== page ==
What cheap eats roundup would be complete without Westchester’s all-time favorite guilty pleasure, the massive, unwieldy, totally addictive Lefteris gyro? At its base is Lefteris’s subtly seasoned mixture of ground beef and lamb, which has been pressed into a cylinder and spit-roasted on a rotisserie. When the tender, juicy meat is cooked through, it’s sliced off the spit and briefly caramelized on a sizzling hot griddle. This ensures that each slice has seared-in juiciness, kind of like the char on a great burger. Then the slices are loaded onto a pita along with lettuce, tomatoes, and raw onions, generously dressed in creamy, tangy tsatsiki sauce. The result is an epic meal, justifiably famous and worth every last napkin that you use. Plus, the gyro has the meat-carb-veg perfection of a well-balanced meal—a steal at only $6.25. Consider that the next time you’re waiting on a McDonald’s line.
Q Restaurant and Bar
112 N Main St, Port Chester (914) 933-7427; www.qrestaurantandbar.com
Meal: Pulled Pork Sandwich with choice of side ($8.50)
Unless you’ve had your head in the sand for the last few years, you’ve probably heard how great Q’s barbecue is. But have you realized how cheap it is? Almost all of Q’s dishes fit our criteria, including ribs, brisket, chili, burgers, salads, and sides. This is a great place to do some serious eating for not a lot of money.
And you won’t have to suffer for the pleasure, either—Q’s hip, buzzy, music-filled dining room is about as fun as it gets.
Our favorite dish at Q is its signature pulled-pork sandwich. Here sinewy pork shoulder has been injected with seasoning, then rolled through a special spice rub and left in Q’s car-compactor-sized smoker for 14 hours. When the pork is falling-apart tender and suffused with mouthwatering flavors, it’s shredded and piled onto a potato roll under crisp, house-made cole slaw. This is an excellent dish—meaty, spicy, gooey, and crunchy, all at the same time. Pair it with a palate-cleansing side of sweet and vinegary collard greens, and you have one of Westchester’s favorite cheap meals. Plus, with all the money you save, you can easily afford one of Q’s great specialty drinks ($8) or a bottle—or two—of domestic beer ($5).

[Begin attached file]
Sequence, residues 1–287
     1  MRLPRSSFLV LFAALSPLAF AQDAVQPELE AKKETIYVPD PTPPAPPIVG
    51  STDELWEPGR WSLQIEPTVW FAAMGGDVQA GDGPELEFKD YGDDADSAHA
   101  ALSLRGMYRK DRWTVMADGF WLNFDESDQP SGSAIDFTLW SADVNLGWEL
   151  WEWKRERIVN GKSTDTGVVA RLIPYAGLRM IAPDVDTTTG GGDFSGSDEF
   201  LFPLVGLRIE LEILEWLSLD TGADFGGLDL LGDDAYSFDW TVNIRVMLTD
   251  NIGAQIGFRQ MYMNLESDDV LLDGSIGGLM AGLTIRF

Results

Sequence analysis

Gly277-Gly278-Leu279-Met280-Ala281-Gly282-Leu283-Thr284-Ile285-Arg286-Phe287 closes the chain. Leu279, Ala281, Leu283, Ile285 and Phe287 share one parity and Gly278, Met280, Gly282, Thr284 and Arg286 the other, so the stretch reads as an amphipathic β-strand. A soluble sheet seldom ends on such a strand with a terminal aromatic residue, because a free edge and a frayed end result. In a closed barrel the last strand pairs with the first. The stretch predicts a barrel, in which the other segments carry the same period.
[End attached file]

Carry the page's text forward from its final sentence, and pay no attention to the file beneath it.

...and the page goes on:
125 Tuckahoe Rd, Yonkers (914) 476-4446; www.totonnos.com
Meal: Half of a large split pizza margherita/pizza bianca pie
There are only four factors in making great pizza: fresh dough, quality tomatoes, good mozzarella, and a super-hot oven. Sounds easy, right? Yet the average local pizzeria is using frozen dough, poor-quality canned sauce, pre-shredded, low-grade cheese, and a too-cool gas oven. No amount of creative toppings can improve this shaky foundation.
Thankfully, the Yonkers branch of Totonno’s is keeping the spirit of real pizza alive with its massive coal-fired brick oven. The pizzeria’s founder, Anthony “Totonno” Pero, was present at the inception of American pizza, slinging pies at America’s first pizzeria, Lombardi’s, in Manhattan’s Little Italy (founded in 1905). Taking what he’d learned from Gennaro Lombardi, Totonno opened his own Coney Island pizzeria in 1924, and his pizzas attained cult status. The shop pulled devoted fans from Manhattan, resigned to the long subway ride out to Neptune Avenue. The great news for us is that we can enjoy Totonno’s quality without spending an hour on the F train.
One glance at a Totonno’s pie and you’ll see why they’re revered. The daily made Aiello’s mozzarella (from Brooklyn, where else?) is opaque white and not translucent yellow. And the imported Italian tomatoes are fresh, bright, and orangey-red, not cooked-to-death burgundy. The taste of a Totonno’s pie reflects its ingredients. It’s bright and sweetly tomato-ey with a lusciously milky cheesiness—and, best of all, the chewy, charred crust has a faintly smoky flavor from the coal oven. Split your margherita pie with pizza bianca to get the fullest appreciation of that pure, white cheese. It’s dotted on the pie with lots of garlic and salty grated cheese.
Even given Totonno’s nondescript Yonkers location (which has all the charm of a bar at the Ramada Inn—where, incidentally, the Yonkers Totonno’s is located), we’re still lucky: the pies cranking out of this oven are stellar.
29 N Main St, Port Chester, (914) 939-6894
Meal: Brazilian lunch buffet, featuring feijoada
Pantanal, named for Brazil’s lush Amazonian wetlands, is a favorite stop on the foodie’s mile of Main Street in Port Chester. With its tropical décor, eight-foot grill pit, rodizio style meats and fruity cachaça cocktails, it’s popular with Brazilians, Portuguese, and just about anyone looking for an exotic treat. Plus, its lunch buffet can’t be beat.